Right now, your bank transfer between accounts at the same bank is instant, whereas to another bank can take a day, and an international one another day. Under CBDCs, we’re all with the same institution and so all transactions just happen.

I know, it’s almost worth accepting CBDCs just to get rid of banks in our lives, isn’t it?

But… what is the UK government’s response to that benefit, according to the Telegraph?

However, it is understood that the Bank is not exploring a route that would involve a direct relationship with the public where people could open an account at the Bank of England.

So the one and only benefit of a CBDC is not being considered…

Which is not a surprise given the Bank of England was created to protect the banking system.

Of course, according to the report quoted by the Telegraph, the dystopian nightmare features of CBDCs are also not on the table. Which only gets us back the beginning: then why have a CBDC in the first place?

Many people believe that governments foster innovation. I’ve always believed the opposite. And, conveniently, there’s a book that supports my claim, written by my friend Deirdre McCloskey, whose luggage I lugged through tear gas around Paris in 2016. It’s called The Myth of the Entrepreneurial State.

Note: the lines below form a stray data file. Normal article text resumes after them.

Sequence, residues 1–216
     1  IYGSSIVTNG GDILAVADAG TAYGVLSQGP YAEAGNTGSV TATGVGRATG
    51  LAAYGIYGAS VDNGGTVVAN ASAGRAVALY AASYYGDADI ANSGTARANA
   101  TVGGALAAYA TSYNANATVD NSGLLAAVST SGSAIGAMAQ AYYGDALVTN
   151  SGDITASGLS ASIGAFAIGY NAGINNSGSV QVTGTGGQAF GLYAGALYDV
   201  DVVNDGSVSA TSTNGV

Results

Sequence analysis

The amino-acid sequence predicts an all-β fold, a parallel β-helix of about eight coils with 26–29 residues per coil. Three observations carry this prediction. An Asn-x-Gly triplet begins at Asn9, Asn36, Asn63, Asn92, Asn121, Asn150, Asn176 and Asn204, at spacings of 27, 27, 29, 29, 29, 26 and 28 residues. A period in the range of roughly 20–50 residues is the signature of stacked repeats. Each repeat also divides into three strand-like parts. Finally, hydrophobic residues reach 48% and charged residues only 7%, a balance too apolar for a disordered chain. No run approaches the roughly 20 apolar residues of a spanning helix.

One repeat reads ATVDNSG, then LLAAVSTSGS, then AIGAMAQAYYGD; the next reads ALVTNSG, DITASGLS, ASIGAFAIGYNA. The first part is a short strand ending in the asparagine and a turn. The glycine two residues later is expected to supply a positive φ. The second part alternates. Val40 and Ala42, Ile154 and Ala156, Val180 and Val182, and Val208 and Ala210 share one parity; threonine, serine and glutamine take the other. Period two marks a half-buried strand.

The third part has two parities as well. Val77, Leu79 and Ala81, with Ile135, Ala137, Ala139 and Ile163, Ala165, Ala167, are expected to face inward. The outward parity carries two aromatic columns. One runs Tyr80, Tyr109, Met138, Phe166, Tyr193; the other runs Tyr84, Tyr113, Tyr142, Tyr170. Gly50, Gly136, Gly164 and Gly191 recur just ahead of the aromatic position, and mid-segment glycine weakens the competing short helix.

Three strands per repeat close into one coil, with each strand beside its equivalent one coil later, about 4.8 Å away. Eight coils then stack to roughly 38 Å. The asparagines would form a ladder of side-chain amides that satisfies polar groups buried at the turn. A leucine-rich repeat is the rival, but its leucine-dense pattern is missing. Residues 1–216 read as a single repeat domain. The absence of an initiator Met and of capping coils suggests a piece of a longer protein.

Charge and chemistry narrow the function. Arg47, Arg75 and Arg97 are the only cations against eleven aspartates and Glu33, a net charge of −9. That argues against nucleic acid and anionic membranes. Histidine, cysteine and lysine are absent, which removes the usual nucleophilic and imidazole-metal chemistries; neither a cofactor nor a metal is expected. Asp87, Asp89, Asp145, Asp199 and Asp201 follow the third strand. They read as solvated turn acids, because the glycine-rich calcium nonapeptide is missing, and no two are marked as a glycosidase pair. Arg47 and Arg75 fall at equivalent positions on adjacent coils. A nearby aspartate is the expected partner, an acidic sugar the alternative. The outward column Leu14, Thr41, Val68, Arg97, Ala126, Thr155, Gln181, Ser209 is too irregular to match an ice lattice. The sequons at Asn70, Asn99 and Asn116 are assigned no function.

The truth is that governments co-opt innovation and use it for ill. Nuclear power is perhaps the best example. The Manhattan Project didn’t create nuclear energy as a side effect of The Bomb. It commandeered thorium reactor research and turned it into weapons research, setting safe nuclear power back… well, we still don’t have thorium reactors, despite their clear benefits over uranium ones.

Other examples abound. But the point is that CBDCs may be another example to add to this list.

Innovation gave us cryptocurrencies to evade government control of the financial and monetary system. Governments are trying to co-opt and bastardise the underlying technology to turn it into a tool of control.

The only trouble is, that that’s the only plausible “benefit” of CBDCs. And so it’s going to prove difficult to lure us in. And by difficult, I mean expensive.

Well, I suppose if you have complete control of the monetary system and can issue money ad lib then nothing is expensive anymore. And so… the government of China has been handing out vast amounts of its CBDCs just to encourage people to use it.

When the Chinese government is the one doing it, it’s obvious this is just bait, right? But our government?

Perhaps our best hope is to behave like the Nigerians. Nobody can smell a dodgy digital financial scheme better than Nigerians, after all. And they’re refusing to fall for the CBDC ploy, with only 0.5% of Nigerians having used the CBDC despite the government’s best efforts.

Yes, let’s treat the government’s CBDC like nothing more than a scam email promising you free money. Because nothing is free.

Unless, of course, you think the rest of the population is liable to be enticed by free money. In which case, it’s time to look for a way out.

Nick Hubble
Editor, Fortune & Freedom